Torii Hunter and Bartolo Colon were going to sign here but both times the Angels beat the Sox on contract duration and the Sox backed out. I don't buy the fact that the Sox are an incredibly tough sell to free agents. Chicago is a great city to live especially if you're wealthy, the training staff is top notch, the travel schedule in the midwest is quite favorable, and the Sox Spring Training facility is top notch. The biggest issue preventing the Sox from signing free agents is not media profile or attendance but dollar amount and contract length. The team consistently gets beaten in that department and until that changes, they won't be a player in free agency.
^^This.

For all the woe-is-us talk around here, I find it hard to believe that most free agents will pass on the Sox if they offer them the best dollar amount and contract length.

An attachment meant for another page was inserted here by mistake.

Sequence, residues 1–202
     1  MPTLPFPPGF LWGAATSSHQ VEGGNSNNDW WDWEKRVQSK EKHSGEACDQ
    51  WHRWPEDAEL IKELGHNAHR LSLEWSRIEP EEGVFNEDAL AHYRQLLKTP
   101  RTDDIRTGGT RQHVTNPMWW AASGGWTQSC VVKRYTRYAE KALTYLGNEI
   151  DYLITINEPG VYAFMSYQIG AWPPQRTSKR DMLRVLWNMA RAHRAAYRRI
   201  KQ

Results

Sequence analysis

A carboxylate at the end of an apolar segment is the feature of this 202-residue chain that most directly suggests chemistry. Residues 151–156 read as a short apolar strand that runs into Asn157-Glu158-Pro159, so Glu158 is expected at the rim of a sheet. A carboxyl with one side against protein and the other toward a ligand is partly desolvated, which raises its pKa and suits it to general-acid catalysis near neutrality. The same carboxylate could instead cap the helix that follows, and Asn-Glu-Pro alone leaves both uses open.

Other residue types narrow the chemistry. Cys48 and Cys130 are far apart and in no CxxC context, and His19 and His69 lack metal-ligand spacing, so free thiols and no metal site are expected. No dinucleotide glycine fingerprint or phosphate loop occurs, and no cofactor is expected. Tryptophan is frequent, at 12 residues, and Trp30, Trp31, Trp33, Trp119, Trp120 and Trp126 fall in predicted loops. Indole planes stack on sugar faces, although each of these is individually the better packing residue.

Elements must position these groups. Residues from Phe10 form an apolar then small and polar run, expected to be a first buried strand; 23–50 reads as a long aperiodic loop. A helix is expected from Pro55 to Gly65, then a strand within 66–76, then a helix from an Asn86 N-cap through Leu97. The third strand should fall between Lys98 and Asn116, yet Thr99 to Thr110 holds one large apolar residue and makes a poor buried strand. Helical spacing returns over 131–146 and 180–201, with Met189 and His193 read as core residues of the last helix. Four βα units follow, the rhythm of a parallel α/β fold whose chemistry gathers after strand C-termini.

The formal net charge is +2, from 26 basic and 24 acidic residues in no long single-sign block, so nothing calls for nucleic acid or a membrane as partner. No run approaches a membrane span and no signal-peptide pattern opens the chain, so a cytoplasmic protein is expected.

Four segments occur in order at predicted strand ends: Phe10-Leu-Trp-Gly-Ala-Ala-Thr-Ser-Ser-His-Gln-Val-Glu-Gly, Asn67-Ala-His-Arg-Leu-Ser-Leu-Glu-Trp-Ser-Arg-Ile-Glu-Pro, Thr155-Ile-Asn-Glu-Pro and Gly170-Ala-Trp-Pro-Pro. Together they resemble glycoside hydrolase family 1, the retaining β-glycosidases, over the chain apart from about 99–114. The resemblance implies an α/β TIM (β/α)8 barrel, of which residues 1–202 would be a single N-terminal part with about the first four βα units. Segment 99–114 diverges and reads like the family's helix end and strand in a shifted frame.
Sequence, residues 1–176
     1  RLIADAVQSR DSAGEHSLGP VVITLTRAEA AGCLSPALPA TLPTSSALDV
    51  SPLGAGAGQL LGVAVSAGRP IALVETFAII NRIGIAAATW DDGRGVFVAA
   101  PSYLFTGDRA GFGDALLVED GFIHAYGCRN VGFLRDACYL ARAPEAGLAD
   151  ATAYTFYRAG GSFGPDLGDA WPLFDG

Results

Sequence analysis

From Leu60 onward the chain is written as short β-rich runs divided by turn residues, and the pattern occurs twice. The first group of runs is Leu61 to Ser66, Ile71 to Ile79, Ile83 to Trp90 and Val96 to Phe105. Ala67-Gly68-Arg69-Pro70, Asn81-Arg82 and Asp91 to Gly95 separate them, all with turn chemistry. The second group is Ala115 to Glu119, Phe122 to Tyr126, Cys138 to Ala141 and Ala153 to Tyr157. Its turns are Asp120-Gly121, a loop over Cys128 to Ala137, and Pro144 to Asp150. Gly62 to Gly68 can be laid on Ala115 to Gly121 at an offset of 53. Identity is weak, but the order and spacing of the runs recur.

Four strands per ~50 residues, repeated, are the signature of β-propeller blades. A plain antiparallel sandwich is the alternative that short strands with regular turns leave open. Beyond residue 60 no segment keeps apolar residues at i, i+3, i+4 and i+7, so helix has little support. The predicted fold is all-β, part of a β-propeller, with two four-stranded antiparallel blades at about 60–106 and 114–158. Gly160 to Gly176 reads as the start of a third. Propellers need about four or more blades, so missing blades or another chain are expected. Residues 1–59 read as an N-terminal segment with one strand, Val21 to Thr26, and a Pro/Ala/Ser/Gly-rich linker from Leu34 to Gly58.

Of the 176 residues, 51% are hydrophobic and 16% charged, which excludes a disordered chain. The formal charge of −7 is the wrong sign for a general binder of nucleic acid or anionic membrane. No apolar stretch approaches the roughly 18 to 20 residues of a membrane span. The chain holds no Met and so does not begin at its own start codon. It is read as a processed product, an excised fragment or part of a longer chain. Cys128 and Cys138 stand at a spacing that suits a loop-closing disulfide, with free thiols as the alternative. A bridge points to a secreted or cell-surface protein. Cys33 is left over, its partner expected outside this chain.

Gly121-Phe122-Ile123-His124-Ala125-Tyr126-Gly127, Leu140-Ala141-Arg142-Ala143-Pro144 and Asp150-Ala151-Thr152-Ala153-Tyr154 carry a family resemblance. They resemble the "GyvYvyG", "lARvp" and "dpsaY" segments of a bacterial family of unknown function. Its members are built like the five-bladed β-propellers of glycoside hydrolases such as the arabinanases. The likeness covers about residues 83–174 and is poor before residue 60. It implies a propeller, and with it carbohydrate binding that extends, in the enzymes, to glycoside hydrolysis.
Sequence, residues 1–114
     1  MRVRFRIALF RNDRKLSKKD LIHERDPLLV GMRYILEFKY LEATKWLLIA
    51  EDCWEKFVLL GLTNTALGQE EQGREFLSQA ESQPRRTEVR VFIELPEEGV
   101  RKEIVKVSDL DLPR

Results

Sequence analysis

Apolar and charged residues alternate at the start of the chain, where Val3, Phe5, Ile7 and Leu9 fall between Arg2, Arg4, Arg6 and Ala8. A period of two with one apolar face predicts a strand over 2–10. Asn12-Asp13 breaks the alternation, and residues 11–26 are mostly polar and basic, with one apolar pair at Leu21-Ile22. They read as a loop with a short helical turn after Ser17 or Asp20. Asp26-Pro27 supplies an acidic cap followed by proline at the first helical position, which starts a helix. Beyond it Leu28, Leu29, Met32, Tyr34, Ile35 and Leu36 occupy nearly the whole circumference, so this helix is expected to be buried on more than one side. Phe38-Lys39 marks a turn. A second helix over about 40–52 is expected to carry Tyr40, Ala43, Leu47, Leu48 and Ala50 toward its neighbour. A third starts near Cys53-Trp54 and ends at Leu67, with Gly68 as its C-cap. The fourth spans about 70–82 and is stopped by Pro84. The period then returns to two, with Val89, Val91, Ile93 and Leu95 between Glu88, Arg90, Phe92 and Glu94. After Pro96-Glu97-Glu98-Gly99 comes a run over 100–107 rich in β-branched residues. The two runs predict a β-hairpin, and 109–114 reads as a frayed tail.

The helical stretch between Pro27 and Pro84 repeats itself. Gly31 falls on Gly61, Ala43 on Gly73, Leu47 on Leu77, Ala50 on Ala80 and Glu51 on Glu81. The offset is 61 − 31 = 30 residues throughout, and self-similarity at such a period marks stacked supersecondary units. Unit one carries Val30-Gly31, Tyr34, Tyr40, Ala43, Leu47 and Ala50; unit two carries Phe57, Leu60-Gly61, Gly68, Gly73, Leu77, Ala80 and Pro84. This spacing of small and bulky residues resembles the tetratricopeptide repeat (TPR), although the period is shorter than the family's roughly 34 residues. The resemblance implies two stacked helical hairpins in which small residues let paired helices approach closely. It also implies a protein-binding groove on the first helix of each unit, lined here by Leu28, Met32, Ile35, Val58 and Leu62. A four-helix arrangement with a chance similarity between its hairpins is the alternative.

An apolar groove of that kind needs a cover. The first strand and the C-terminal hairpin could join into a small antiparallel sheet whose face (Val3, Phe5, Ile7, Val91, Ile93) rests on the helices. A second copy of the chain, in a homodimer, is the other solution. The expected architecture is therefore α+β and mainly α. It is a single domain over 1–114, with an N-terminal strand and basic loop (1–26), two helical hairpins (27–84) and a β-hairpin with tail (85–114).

I'm not taking a position one way or another here about whether the Sox will or should do this. But this oft-repeated notion that players would never want to come here even for the best offer is nonsense IMO.
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  #21  
Old 05-22-2018, 10:52 PM
Lip Man 1 Lip Man 1 is offline
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Originally Posted by Foulke You View Post
The convincing has to come with the dollar amount and contract length. Belle came here because the Sox made far and away the best offer. The Sox have shown that when they make the best offers to a free agent, they can indeed sign players. Off the top of my head, Adam Dunn, David Robertson, Melky Cabrera, Jose Abreu, Jesse Crain, Scott Linebrink, etc. all signed here when the dollars and years were the best offer.